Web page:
Monday, August 15, 2011

Do Editors Use Red Pencils?

Someone recently commented that the red pencil on this blog doesn't have a red point. That's because when I created the blog, I used the same type of pencil I use as an editor, and the kind many, if not most, old editors use - one with a regular graphite point. A black pencil. Why? For the simple reason that it erases better than a red colored pencil. We do go back and change our minds and comments, you know! I have never seen an ARC from any editor that used a red lead. We are not school teachers grading papers when we edit a manuscript. There is no need for a red pencil. Besides, red won't hold a sharp point.

In today's world, pencils (red, black, or otherwise) are falling by the wayside anyway. The shift to digital editing in the last few years has been dramatic, and most of the major publishers now insist their authors send manuscripts attached to emails, they review and edit using Track Changes and Comments, and then return the digital manuscript to the author for another round of revision. Back-and-forth it goes. It's much faster, many say more accurate, and certainly a more environmentally-sound practice.

So what about it, authors and editors? When was the last time you used a red-lead pencil? Leave us a message!
Dani Greer started this blog and is grateful to all the many writers and editors who have contributed to it, and who have helped make it a success. She is a writer, editor, and special projects coordinator for Little Pickle Press and also teaches authors how to arrange their own blog book tours. She has one free class this year starting on September 5th and you can sign up by clicking here. Please read the directions when you get there to make sure you qualify.

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  1. Good point, Dani (pun intended)! I do all my editing on-screen and online, using Microsoft Word Track Changes, and sending and receiving the docs as attachments.

    I don't print anything up, either, so it saves on ink and, most important for the environment, doesn't use up any paper or trees. I also don't have to trudge off to the post office and pay for postage, and the clients get the sections back within minutes of when I finish editing them! And with all kinds of comments in the margins that wouldn't fit on the printed page.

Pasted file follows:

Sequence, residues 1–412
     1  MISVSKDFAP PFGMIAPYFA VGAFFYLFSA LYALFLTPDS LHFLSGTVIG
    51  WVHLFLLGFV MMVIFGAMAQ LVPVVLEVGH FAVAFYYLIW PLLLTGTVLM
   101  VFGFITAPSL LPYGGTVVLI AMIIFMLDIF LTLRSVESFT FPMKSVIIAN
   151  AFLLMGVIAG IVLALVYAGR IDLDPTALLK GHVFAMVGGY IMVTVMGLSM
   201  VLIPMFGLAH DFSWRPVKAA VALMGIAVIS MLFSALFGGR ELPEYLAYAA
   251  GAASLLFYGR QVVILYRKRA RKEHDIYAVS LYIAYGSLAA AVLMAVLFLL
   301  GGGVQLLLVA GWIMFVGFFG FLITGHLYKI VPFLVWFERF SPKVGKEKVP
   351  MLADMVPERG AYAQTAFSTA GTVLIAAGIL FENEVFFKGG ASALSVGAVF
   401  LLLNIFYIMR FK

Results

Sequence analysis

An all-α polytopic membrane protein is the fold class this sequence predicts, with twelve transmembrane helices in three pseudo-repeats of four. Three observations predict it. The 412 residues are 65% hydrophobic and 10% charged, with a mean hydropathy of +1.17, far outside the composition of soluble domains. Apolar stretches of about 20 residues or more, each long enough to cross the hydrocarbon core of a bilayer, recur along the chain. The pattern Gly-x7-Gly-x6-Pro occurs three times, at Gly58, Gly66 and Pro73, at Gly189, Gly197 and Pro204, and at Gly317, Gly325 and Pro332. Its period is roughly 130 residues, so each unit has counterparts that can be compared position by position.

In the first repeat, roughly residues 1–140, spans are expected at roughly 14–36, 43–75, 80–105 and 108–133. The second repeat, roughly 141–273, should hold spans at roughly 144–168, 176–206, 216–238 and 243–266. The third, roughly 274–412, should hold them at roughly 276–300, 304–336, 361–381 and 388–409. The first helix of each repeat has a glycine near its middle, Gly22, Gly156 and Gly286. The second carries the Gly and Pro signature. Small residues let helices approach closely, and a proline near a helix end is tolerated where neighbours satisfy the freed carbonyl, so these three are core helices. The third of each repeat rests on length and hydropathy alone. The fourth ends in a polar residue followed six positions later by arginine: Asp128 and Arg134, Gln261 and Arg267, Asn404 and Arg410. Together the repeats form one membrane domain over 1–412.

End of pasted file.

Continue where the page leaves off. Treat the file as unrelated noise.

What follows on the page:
In fact, often a section that I've edited (usually 2-5 chapters)will go back and forth several times in one day, as I check over the author's subsequent revisions and make further suggestions.

    When I was an English teacher, I used the old red marking pen or pencil, but never again!

  2. I'm with you about the digital editing and the environmental savings, Jodie! But I still get printed ARCs from authors with publishers, many of whom still use ARCs for their final round of proofreading. All done in lead pencil. Good, hard, black lead. You have to sharpen a red pencil way too much to make it useful. Great for colored drawings though. ;)

  3. More and more publishers are going digital the whole way, and of course it's so much more cost-effective for freelancers like me, with not having to pay for paper, ink cartridges and postage - or having to pass the cost on to the clients!

    Another advantage to the client of using Track Changes is that I sent them the marked-up copy with my comments in the margin, but also a clean, black copy with all my changes accepted, so they can read it through and see how it flows better. And the clean copy still has the comments in the margin, which they can delete after they've read them.